Six Degrees of Separation: from How To Be Both to Fish Have No Feet

Arriving at the first Saturday in April provides another opportunity to participate in the Six Degrees of Separation meme, hosted by Kate over at BooksAreMyFavouriteAndBest.

This month we start with Ali Smith’s How To Be Both.  I have not yet read this book but I know that its format is unusual with two versions of the same story and the reader can choose where to begin. Another book that has different starting points is Carol Shields’ Happenstance. This is a single story about a marriage which is split into two parts, each told from the husband’s and wife’s perspective.

My lovely husband bought this book for me when it was originally published in 1994. Somewhere over the years, with house moves and much sorting of shelves, I sadly managed to loose his copy. So I recently spent time hunting down a good copy of that original edition and am pleased to have it back in my collection.

Another book I have recently hunted for in a very particular edition is New Grub Street by George Gissing. My late uncle, Professor John Goode, edited this version and I am looking forward to reading both his introduction and the novel itself.

Taking the London setting of New Grub Street as my next link gives me a huge range of options. I am plumping for the last London-based book I read, which is the excellent Transcription by Kate Atkinson. This is a novel about spying and spies, which allows me to link to one of my most favourite spy books – William Boyd’s Restless.

I ‘read’ this book in audio format. It was narrated brilliantly by the wonderful Rosamund Pike. So for my next book I am going to take the name Pike and make a fishy link to Salmon Fishing in the Yemen by Paul Torday. This is a light but engaging read about political spin, hypocrisy and bureaucracy. Hmm… sounds sadly rather familiar at the moment. But I am going to swerve smartly away from current affairs and stick with the fishy theme to conclude this month’s chain.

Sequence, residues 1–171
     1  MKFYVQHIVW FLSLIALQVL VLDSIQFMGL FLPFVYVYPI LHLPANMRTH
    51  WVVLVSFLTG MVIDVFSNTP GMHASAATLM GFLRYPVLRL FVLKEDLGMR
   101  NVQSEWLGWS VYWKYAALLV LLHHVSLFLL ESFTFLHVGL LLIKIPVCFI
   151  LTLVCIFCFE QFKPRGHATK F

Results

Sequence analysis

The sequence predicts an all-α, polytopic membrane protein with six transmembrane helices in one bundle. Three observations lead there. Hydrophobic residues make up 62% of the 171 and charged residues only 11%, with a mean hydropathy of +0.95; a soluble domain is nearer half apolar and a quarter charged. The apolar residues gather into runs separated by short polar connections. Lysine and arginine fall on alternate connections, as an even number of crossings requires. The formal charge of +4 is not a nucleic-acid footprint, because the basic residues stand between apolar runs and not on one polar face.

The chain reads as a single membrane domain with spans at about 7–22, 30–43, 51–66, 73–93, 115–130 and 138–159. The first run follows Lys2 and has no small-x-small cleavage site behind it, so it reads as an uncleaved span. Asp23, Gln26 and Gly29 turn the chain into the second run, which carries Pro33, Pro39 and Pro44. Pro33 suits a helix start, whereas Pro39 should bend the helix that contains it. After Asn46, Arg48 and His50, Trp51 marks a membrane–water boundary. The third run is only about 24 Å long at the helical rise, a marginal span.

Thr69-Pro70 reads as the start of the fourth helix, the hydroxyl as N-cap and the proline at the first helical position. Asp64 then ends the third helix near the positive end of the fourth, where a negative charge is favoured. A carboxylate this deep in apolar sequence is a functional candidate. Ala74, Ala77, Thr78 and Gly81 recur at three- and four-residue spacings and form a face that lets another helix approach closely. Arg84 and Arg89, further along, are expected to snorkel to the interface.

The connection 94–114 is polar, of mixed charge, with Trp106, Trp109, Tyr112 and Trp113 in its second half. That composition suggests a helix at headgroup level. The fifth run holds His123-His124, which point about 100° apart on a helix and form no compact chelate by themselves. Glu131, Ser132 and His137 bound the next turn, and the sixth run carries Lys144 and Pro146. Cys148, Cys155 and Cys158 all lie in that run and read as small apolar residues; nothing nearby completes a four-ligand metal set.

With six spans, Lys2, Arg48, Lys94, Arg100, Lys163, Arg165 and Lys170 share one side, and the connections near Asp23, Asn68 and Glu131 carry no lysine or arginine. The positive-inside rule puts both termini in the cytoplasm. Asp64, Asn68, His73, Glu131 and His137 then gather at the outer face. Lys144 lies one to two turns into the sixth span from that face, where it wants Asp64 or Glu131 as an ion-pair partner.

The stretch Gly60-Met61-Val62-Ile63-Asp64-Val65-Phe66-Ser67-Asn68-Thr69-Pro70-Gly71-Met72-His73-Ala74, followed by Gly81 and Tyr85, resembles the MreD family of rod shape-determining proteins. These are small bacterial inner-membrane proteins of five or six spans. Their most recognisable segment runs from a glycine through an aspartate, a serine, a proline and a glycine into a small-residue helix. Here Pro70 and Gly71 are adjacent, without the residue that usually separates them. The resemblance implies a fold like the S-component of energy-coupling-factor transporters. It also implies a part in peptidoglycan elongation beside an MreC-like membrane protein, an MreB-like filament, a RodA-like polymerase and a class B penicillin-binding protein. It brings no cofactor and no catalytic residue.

Fish Have No Feet by Jón Kalman Stefánsson is an Icelandic novel which I stumbled across recently. Its description sounds rather bleak – it is set in a town surrounded by a sea which can no longer be fished and which is under the influence of a US military base. But something about the reviews and a glance through the first few pages makes me think that this will be a good read. We shall see.

As is often the case with this meme, my chain has meandered around in unexpected ways. It’s always interesting to reflect on whether there is any link between the start and finish books. This month is quite difficult because I have not read the books at either end of my chain. Perhaps that is the simple connection between them. Anyway, next month’s chain will start with The Dry by Jane Harper. See you then! 🙂

 

 

 

Six degrees of separation: from The Arsonist to A Time to Keep Silence

Arriving at the first Saturday in March provides another opportunity to participate in the Six Degrees of Separation meme, hosted by Kate over at BooksAreMyFavouriteAndBest.

This time we are all starting with The Arsonist by Chloe Hooper, a book which has not yet been published in the UK but looks like an amazing read. It has been longlisted for the 2019 Stella Prize and it will be very interesting to see if it makes the short list on 8 March.

Meanwhile, we have links to forge…..

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